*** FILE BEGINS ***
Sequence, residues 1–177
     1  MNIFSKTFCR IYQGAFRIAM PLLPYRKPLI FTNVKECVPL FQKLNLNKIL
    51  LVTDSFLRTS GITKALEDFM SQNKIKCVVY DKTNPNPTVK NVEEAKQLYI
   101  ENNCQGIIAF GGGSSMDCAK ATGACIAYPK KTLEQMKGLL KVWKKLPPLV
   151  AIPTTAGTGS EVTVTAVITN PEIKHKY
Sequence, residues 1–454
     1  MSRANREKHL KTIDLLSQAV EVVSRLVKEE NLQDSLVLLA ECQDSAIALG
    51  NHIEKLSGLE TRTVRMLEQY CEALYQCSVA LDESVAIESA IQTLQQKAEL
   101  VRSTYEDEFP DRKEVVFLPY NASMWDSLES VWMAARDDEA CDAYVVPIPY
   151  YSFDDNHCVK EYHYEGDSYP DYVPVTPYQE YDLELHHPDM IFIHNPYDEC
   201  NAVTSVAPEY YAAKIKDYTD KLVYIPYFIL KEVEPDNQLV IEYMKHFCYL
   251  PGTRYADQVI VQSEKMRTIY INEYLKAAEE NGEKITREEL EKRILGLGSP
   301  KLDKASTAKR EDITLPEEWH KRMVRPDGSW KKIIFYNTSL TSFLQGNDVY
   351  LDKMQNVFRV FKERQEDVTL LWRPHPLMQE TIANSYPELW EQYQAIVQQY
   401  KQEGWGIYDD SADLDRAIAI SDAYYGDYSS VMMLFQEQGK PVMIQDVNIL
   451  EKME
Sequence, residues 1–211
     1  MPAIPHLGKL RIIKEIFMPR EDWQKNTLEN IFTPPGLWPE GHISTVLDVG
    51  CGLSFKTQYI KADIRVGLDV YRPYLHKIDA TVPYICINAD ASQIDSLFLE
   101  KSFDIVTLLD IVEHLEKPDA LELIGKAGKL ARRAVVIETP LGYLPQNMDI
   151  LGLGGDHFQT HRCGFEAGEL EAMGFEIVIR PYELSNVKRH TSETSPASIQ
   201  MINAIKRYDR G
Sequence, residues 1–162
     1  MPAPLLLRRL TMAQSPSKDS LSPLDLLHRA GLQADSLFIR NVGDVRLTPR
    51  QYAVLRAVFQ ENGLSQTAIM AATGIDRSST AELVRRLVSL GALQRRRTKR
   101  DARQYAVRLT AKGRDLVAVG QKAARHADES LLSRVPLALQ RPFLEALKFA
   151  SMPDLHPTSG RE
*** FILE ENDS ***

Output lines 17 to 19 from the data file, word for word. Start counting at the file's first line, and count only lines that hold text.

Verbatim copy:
Sequence, residues 1–211
     1  MPAIPHLGKL RIIKEIFMPR EDWQKNTLEN IFTPPGLWPE GHISTVLDVG
    51  CGLSFKTQYI KADIRVGLDV YRPYLHKIDA TVPYICINAD ASQIDSLFLE